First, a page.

The story of the five-day interview between Rolling Stone reporter David Lipsky and acclaimed novelist David Foster Wallace, which took place right after the 1996 publication of Wallace's groundbreaking epic novel, 'Infinite Jest.'
A journalist and a famous writer – both of them young, insecure men still trying to make their literary reputations – spend five days together, talking incessantly, arguing and forging a kind of wary understanding. The year is 1996 and the brilliant, troubled writer David Foster Wallace (Jason Segal) is publicising his acclaimed 1000-page novel Infinite Jest. He’s being called ‘the voice of a generation’ and has acquired a kind of rock star status, especially among nerdy, self-conscious, cynical Americans. The journalist who’s interviewing him for Rolling Stone magazine, David Lipsky (Jessie Eisenberg) is envious and admiring. Having published his own autobiographical novel to small acclaim, Lipsky is like a nervy bowerbird, collecting shiny bits of rubbish about the more famous man. It’s as if he thinks he might create his own masterpiece from snippets of conversation and random details about the interior decoration of Foster Wallace’s bland and messy suburban bungalow (two big, slobbery dogs, a beach towel used as a curtain, a postcard picture of John Updike on the fridge).
There’s an obscenity about celebrity profiling – the attempt to capture the complexity and essence of another human being and serve it up in a juicy word salad for the entertainment of lazy readers. The End of the Tour is based on Lipsky’s memoir Although Of Course You End Up Becoming Yourself: A Road Trip with David Foster Wallace, published after DFW’s suicide in 2008 and based around their tape-recorded conversations. And while the project attempts to critique itself, shining a light on the contradictions and obscenities of celebrity profiling, and depicting Lipsky as the unlikeable thief (particularly alarming when he’s snooping inside the writer’s bathroom cabinet), it’s impossible not to see the film as yet another cashing in on DFW’s fame and tragedy – in a way that he would have loathed if he’d lived.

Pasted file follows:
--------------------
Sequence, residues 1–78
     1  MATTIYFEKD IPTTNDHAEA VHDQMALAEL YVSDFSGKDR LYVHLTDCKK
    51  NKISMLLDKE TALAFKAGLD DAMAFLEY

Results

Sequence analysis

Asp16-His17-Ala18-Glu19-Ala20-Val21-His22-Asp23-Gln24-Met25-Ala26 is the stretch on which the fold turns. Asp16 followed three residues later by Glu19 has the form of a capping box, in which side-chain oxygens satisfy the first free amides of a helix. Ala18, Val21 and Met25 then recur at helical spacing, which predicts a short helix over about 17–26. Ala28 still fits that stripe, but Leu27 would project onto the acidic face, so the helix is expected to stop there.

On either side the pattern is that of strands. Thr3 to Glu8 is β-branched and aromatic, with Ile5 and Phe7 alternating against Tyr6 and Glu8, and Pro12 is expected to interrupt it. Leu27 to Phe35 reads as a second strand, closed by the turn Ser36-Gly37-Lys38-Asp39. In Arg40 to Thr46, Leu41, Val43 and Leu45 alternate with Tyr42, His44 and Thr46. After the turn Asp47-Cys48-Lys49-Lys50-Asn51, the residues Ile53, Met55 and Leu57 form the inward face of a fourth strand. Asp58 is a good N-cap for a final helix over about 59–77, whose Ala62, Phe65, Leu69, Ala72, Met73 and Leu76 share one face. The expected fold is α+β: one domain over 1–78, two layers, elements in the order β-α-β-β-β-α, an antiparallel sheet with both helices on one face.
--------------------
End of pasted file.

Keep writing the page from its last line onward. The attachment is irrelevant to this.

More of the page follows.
Jason Segal gives a wonderful performance (perhaps his best yet) as DWF, capturing perfectly the writer’s delivery of long and rambling sentences, awash in biting cultural criticism, humourous insight and touching humility.
With greasy hair, round metal-rimmed specs, beard and bandana, Jason Segal gives a wonderful performance (perhaps his best yet) as DWF, capturing perfectly the writer’s delivery of long and rambling sentences, awash in biting cultural criticism, humourous insight and touching humility. He’s painted here as painfully self-conscious, surprisingly generous, and desperate to be known as an ordinary American everyman. Which of course he isn’t, or why would anyone bother to read his weighty, intricate and heavily footnoted doorstopper of a novel? This is a question Lipsky asks again and again as the two men drive the flat landscape, smoke copious cigarettes, eat junk food and watch crappy television together.
Directed by James Ponsoldt (The Spectacular Now) with a script by Donald Margulies, The End of the Tour is often highly entertaining in its interrogation of fame. There are moments of mystery, like the scene in which Lipsky sneaks through DFW’s house and comes upon the writer’s darkened study with his old desktop computer, lonely and abandoned on a desk. This is the place where the painful magic happens and nobody can really touch it, understand it, or replicate it, certainly not on film, and the camera shies away, as if recognising this is too personal to intrude upon.
Ultimately though, the film feels flat and graceless, like the American landscape the writers traverse. Perhaps the lack of cinematic beauty, and the dramatic sameness of most scenes are intentional, but the occasional lyricism in the soundtrack and the score (composed by Danny Elfman) make you long for a different kind of film; one where the final insight is more profound and moving than the one we’re given here: 'He made us feel less alone.'
The End of the Tour is currently in limited release in Victoria.
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